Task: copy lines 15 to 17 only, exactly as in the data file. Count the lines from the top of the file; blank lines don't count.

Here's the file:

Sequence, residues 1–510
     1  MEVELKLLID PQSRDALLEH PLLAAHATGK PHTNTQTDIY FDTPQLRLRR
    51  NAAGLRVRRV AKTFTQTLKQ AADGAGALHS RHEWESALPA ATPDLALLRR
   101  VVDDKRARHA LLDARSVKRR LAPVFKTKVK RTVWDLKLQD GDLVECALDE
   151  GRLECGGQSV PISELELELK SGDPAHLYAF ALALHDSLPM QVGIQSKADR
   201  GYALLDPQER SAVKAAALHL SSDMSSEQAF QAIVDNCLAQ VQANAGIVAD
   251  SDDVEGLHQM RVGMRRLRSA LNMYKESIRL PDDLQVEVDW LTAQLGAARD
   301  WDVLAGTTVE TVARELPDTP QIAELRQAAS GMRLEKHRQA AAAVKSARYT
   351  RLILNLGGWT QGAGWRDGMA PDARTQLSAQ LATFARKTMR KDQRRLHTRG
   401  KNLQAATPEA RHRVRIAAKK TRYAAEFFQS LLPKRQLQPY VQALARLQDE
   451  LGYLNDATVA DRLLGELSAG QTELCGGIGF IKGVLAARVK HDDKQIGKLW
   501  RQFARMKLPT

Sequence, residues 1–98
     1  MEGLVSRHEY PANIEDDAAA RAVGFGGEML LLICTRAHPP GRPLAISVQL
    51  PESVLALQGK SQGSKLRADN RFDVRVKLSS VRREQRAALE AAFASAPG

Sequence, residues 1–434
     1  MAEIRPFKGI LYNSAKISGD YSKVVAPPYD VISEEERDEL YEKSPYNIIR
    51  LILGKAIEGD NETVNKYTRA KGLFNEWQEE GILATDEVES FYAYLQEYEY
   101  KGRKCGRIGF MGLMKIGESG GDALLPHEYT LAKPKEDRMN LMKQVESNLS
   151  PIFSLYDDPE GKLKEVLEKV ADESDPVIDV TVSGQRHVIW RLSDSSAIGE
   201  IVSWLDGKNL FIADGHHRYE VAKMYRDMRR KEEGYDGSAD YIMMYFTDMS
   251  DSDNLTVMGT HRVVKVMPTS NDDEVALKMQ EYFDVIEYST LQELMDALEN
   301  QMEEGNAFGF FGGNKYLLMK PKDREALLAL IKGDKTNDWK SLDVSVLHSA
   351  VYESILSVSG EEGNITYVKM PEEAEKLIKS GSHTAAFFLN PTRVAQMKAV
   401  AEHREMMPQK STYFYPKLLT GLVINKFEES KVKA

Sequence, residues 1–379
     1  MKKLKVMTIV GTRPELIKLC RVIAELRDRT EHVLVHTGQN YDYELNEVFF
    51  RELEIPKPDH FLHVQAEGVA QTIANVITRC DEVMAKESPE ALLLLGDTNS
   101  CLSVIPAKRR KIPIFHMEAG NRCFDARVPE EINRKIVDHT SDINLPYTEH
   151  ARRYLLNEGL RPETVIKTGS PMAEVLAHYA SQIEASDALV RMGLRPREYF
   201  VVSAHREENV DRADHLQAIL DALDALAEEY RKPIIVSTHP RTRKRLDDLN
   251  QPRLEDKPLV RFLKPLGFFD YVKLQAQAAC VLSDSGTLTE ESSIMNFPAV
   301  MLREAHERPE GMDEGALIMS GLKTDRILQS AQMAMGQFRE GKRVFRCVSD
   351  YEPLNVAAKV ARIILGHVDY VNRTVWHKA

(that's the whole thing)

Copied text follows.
    51  PESVLALQGK SQGSKLRADN RFDVRVKLSS VRREQRAALE AAFASAPG

Sequence, residues 1–434
     1  MAEIRPFKGI LYNSAKISGD YSKVVAPPYD VISEEERDEL YEKSPYNIIR